The hope had to be that developmental mutants would be ‘interesting’–i.e. informative. You can imagine that every failure of pattern-formation would give rise to disaster, and hundreds of hours would’ve been spent generating different ways of making Drosophila stew. I’m pretty sure the study would not have been embarked upon had the authors not held out hope that they could do better.
Being an outsider and lacking someone else’s insightful review, I’m not going to go further than to say that it appears to me that the frontier was largely open at this point. The authors were doing more ‘exploratory’ science, taking the approach of “Let’s force the organism to show us all the ways it can fail to create itself, then we’ll look upon its failures, classify them, and develop a rule-based system for what it’s doing.” (Hindsight indeed has its joys!)
As alluded above, there was a possibility that “it’s gradients all the way down”; evidence already indicated that some of the maternal contribution looked to have a gradient type nature. One could also consider several possibilities for how things worked; I’ll throw out a couple:
- Each segment’s identity was the expression of a single gene or set of genes specific to it
- There was sequential ‘addressing’ from front-to-back or vice-versa
- segment addressing is somehow simultaneous (this would accord with gradient models)
- The actual case, where a time-driven ‘cascade’ of (often binary) divisions (beginning with chunks not formally related to the final pattern) segment identity is ‘assembled’ as each segment represents a unique set of gene product presences
Drosophila is not my favorite organism; too many have flown up my nose for that. However, it’s hard to argue that the fruit fly is not the perfect marriage of historical power and question-appropriateness for the authors’ quest. Let me break down these airy claims:
Heart on my sleeve: the segmental body plan and denticle pattern. From start, the authors were going to have to look at literally thousands of potential mutants. Many of these would not even be mutant; many others would not be helpful to their cause. The ability to (relatively) rapidly recognize desirable candidates is the name of the game here. The fact that the state of the Drosophila embryo can be assessed by viewing it (once the egg has been stripped away chemically, a process that sounds to be at least approachable en masse). So an expert could tell by visual assessment how the developmental process had worked out for a given embryo (again, kudos to them–I look at their published embryo pictures and see a mess, though I can imagine the denticle ‘signatures’ provide the needed specificity).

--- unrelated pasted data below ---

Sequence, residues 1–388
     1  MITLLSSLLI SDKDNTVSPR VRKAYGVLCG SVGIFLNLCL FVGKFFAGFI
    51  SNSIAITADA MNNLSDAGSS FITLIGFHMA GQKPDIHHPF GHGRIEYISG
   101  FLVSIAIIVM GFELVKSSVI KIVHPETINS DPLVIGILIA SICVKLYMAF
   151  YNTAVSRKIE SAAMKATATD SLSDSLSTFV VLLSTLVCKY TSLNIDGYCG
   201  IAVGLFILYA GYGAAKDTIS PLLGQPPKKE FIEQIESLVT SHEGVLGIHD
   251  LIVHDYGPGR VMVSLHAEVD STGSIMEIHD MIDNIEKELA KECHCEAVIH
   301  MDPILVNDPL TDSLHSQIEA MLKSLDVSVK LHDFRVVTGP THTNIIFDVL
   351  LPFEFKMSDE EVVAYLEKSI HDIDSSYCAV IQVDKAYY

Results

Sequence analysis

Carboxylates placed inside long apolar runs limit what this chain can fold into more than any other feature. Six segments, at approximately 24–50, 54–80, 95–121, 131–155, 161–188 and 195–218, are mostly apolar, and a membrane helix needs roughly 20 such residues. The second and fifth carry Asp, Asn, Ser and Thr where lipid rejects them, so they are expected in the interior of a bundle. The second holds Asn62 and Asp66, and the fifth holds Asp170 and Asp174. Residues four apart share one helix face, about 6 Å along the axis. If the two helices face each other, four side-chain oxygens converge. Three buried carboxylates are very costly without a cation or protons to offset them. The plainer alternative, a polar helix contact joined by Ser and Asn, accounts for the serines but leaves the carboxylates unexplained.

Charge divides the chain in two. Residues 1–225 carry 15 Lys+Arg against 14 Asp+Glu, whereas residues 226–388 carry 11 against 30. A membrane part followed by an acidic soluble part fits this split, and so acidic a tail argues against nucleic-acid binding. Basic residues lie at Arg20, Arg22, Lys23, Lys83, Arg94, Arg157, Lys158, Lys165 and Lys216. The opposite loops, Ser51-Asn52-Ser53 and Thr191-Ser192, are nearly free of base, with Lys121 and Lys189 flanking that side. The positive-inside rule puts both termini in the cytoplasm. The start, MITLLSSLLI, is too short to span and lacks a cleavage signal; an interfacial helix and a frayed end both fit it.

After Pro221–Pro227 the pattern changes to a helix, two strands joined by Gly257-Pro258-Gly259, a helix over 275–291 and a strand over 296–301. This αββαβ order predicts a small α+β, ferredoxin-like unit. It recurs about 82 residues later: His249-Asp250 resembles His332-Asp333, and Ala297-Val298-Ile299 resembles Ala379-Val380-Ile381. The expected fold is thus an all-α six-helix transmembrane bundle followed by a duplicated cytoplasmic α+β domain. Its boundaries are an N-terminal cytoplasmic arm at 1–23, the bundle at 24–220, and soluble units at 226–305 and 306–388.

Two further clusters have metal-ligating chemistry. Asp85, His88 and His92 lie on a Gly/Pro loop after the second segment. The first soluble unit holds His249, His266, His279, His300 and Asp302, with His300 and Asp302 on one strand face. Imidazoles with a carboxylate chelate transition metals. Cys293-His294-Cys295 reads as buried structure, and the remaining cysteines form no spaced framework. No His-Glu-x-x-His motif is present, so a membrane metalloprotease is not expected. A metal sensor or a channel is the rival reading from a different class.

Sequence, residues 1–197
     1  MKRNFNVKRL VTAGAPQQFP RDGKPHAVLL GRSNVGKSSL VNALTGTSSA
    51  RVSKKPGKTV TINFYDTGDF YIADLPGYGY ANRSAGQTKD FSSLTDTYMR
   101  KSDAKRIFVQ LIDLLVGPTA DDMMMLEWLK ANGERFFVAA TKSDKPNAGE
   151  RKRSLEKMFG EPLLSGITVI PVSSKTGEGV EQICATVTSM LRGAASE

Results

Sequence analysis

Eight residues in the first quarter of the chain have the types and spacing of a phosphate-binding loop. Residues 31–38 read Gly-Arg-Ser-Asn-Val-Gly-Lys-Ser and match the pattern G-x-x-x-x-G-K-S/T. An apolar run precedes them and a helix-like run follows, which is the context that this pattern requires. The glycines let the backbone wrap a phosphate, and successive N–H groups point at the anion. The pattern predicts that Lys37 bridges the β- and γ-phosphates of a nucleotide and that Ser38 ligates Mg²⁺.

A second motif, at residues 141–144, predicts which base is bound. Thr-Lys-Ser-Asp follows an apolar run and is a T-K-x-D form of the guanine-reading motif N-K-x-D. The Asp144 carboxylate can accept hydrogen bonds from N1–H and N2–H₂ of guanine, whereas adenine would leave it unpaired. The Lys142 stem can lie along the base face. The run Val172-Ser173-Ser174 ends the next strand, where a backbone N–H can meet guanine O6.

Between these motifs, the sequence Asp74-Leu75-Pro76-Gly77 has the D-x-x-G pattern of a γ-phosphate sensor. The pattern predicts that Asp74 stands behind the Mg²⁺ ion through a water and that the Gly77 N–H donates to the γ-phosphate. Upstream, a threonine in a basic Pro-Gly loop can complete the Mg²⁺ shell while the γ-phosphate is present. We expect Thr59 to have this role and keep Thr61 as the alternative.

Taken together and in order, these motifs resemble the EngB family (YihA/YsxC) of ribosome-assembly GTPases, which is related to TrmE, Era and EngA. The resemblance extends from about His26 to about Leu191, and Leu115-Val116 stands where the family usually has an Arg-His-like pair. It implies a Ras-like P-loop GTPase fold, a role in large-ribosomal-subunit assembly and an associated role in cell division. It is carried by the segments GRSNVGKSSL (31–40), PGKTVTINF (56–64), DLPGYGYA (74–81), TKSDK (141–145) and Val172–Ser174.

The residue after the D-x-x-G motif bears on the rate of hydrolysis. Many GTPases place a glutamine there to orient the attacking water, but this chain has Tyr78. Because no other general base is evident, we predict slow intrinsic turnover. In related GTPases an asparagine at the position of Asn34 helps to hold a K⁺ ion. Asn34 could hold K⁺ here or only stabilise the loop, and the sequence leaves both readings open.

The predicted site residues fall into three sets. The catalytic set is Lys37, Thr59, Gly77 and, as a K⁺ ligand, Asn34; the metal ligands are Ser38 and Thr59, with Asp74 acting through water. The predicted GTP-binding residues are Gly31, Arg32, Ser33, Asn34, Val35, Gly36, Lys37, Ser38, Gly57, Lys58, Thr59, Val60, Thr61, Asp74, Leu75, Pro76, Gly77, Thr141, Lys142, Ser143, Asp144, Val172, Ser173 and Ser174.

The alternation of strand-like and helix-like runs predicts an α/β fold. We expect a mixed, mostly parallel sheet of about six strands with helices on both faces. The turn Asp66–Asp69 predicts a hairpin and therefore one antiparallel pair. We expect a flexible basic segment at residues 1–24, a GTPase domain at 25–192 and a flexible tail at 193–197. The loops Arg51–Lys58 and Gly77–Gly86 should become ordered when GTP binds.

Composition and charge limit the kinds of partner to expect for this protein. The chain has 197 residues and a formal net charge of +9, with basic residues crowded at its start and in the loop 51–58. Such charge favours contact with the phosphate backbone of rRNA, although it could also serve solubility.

Goldilocks of death: the potent Drosophila genetic system was also used to handle several mundane aspects of their mutant hunt quite elegantly. Briefly, they knew the mutants they wanted would die when homozygous. That means that stocks containing their mutations would steadily lose the very mutations they sought unless something were done. Further, these being eukaryotes and all, recombination would could move the mutations to homologous chromosomes ‘un-linking’ them from genetic markers used to follow them. Both issues were elegantly solved by taking thoughtful advantage of multiply (genetically) marked Drosophila ‘balancer’ chromosomes.
Balancer chromosomes are chromosomes that have undergone many massive rearrangements, essentially preventing fruitful recombination with homologs. Further, the wizards of Drosophila have produced ones that have both dominant-interesting phenotypes (i.e. give rise to ‘curly’ wings), recessive-notable ones (white instead of red eyes), and (drumroll please), recessive lethal alleles. Let’s play out what this means for maintaining the mutant lines presumably bearing a lethal developmental mutation:
- Because the balancer chromosome is intensely rearranged, all genetic markers on the balancer stay ‘there’, and the recessive lethal developmental mutation is ‘locked’ onto its own chromosome
- Because the balancer chromosome bears a recessive lethal mutation, every generation the homozygotes of EACH chrosome alternative (balancer/balancer or dev mutant/dev mutant) die out; you essentially have a true-breeding line of heterozygotes. Try that, essentially any other genetic system!
- Because the balancer chromosome bears a DOMINANT phenotype-conferring allele, visual inspection of each line can confirm the continued present of the balancer chromosome
- Symmetric to the case above, if the line is heterozygous for a phenotype-generating allele with the dominant on the ‘mutated/developmental mutant’ line, the presence of the mutagenized chromosome can also be visually assessed
Oh, by the way–a separate system and screen had to be performed for each of Drosophila’s big chromosomes (X, 2 and 3); they skipped 4 because it’s puny enough to be not worth the trouble! FYI, I’m not sure if the primary results from X and 3 were published; the references at the top of this post are for the big picture (Nature article) and the chromosome 2 hunt.
Path: Results to Conclusions
To me, this is where this work really shines. Massive amounts of labor go in; innovation, careful selection of system, massive amounts of labor (yes I already said it, but it’s worth repeating!). What comes out of all this?
We know how it works! Drosophila development proceeds as stepwise divisions of the embryo in a cascade of ever-finer divisions, most of which depend on positional information generated by previous steps. That sentence likely isn’t worth much, so I’ll break things down a bit.